HAVERFORD — There's so much Haverford High senior James McWilliams can be thankful for today.
Family and friends? Of course.
Finally staying healthy for an entire football season? You bet.
"Freshman year, I tore my ACL, MCL and meniscus,' McWilliams said. "I came back not even a year later. It was from Oct. 4, 2010 to Sept. 10, 2011. Then, in my sophomore year, I tore the same knee again, same ligaments. In my junior year, I had to sit out because of the injuries. Then I was advised not to play this year.'
Furthering his education and having the chance to play a sport at the collegiate level is McWilliams' top priority. Ultimately, it was a motivating factor in convincing himself to give football another go when the odds were stacked against him.
"My parents were against it,' said McWilliams, whose father, Steve, was a standout football player in the 1970s at Monsignor Bonner. "I couldn't sit back another fall and watch football, I couldn't take it anymore. That team was unbelievable last year, so I missed out on all of that and how much fun those guys were having. I had to come back this year, to get some closure, and because I always wanted to go to West Point (United States Military Academy). I was talking to West Point and the Merchant Marine Academy I was actually just medically disqualified from West Point (earlier this week). If I can get a waiver from my coaches, either for baseball or football, they'll throw out the medical examination so I can get in. But I really need football to get me in there.'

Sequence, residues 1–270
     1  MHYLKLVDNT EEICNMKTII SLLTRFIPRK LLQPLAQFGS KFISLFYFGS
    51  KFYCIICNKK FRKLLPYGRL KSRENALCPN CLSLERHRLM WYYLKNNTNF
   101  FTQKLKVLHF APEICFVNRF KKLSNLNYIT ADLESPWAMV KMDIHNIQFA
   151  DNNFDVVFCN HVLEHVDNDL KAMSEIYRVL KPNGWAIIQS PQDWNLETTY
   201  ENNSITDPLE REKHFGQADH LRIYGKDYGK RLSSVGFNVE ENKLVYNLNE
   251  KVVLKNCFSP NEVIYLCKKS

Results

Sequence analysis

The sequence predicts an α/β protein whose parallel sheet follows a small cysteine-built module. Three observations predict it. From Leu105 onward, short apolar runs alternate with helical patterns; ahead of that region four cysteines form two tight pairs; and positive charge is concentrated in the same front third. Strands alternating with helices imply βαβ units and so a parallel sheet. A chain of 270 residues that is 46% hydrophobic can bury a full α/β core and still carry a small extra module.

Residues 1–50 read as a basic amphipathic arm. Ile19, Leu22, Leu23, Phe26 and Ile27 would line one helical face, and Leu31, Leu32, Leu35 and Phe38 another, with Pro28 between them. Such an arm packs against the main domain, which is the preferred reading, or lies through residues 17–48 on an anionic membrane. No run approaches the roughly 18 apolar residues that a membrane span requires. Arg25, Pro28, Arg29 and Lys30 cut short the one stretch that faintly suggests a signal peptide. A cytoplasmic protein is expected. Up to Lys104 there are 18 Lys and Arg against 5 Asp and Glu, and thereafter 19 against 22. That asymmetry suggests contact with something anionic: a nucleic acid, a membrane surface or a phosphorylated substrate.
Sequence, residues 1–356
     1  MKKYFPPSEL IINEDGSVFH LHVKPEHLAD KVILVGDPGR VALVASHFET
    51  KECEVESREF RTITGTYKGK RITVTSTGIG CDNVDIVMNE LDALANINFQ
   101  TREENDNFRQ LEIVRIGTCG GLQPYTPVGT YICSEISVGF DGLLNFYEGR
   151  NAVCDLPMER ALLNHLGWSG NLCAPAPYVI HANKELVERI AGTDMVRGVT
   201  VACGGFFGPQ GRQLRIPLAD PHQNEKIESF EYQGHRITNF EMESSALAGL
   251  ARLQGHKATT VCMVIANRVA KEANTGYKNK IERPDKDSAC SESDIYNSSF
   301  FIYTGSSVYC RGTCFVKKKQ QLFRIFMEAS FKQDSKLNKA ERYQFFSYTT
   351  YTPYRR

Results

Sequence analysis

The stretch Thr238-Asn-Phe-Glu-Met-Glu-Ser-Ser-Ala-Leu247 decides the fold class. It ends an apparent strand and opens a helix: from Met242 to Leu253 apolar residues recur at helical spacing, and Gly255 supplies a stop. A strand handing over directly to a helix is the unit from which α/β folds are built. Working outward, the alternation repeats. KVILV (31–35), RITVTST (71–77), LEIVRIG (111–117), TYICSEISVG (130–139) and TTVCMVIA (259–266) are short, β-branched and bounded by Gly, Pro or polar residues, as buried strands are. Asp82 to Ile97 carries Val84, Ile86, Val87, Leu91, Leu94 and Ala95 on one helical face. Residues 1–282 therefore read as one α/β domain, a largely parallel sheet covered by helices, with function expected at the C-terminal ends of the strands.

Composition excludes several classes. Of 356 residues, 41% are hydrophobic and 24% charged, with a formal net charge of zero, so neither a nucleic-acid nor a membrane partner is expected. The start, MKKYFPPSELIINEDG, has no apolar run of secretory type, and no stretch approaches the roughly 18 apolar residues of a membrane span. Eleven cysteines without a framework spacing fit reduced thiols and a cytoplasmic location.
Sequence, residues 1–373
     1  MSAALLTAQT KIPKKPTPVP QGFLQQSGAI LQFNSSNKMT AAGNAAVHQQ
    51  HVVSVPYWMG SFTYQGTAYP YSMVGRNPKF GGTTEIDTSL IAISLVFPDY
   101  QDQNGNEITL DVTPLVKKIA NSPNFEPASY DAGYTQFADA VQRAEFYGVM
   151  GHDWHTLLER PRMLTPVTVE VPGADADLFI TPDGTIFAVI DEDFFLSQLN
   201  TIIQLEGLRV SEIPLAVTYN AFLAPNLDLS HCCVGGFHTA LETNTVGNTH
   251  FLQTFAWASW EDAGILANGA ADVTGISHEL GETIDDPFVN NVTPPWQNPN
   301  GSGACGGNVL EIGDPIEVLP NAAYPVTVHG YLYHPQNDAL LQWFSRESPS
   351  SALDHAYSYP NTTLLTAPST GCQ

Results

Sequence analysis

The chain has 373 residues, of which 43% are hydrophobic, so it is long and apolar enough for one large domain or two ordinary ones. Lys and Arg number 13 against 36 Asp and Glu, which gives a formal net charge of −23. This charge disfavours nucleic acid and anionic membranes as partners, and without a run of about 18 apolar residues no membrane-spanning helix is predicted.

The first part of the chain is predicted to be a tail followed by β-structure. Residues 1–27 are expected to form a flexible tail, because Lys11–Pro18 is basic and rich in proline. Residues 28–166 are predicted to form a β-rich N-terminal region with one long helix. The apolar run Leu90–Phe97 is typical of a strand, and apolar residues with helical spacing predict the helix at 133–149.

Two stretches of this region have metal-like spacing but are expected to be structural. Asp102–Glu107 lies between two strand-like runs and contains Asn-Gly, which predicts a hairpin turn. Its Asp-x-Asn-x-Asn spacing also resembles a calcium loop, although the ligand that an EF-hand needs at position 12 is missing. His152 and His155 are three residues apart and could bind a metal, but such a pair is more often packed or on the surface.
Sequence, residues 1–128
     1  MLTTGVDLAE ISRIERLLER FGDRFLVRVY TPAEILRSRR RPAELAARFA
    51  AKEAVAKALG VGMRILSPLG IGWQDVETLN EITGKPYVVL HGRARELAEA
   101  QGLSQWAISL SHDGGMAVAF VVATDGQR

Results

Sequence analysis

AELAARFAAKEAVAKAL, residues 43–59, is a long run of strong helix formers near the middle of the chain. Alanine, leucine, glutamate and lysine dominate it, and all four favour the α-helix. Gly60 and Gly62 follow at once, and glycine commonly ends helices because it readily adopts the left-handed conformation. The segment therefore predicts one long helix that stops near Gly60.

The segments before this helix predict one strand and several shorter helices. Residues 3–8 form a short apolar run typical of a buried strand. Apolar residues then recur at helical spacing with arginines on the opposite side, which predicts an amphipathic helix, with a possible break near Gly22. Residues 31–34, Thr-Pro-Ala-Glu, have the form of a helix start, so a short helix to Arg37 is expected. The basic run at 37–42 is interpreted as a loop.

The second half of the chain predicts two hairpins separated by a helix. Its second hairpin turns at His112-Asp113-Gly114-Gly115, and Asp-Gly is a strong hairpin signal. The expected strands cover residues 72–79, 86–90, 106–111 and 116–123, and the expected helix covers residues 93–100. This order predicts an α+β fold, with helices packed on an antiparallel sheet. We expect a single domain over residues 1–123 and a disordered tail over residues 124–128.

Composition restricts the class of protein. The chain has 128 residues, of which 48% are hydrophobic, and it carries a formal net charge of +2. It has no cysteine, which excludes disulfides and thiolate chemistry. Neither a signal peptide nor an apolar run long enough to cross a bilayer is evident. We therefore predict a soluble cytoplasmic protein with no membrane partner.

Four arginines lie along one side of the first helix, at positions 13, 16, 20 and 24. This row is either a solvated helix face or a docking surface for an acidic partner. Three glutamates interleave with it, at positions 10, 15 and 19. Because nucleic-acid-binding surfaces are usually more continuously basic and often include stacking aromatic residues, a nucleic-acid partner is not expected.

You can detect the frustration in McWilliams' tone. There's nothing he can do now to get back those three lost years, but despite going against the advice of doctors, McWilliams returned and has been healthy throughout his senior season, save for one scare against Penncrest in September that kept him out of the starting lineup on offense until late-October. He's played every game on defense, though.
McWilliams has been through so much physical and emotional trauma and realizes he's on borrowed time.
"I'm glad I am here. I'm a baseball player, too, so we'll see where that can get me,' McWilliams said. "Originally, in my freshman year, I had some colleges looking at me, and they talked to (Haverford football coach Joe Gallagher) about me. By my junior year, they didn't realize I had gotten injured again sophomore year. That was the year they were really going to start looking at me again, but I told them I wouldn't be playing. So, they decided to look at me a little bit this year when they knew I had decided to play again.'
And here he is, set to play in his first Turkey Day game with rival Upper Darby at A.G. Cornog Field. McWilliams tries not to get caught up in the "what- if' game. When he decided to return, basically on a whim, he knew it was a huge risk. McWilliams, once a promising running back, has started at linebacker for the Fords this season, and developed into one of Gallagher's most reliable and productive players on the defensive side of the ball, while contributing on offense in a limited role. McWilliams caught two touchdown passes in his first game at wide receiver in the Fords' come-from-behind victory over Ridley last month.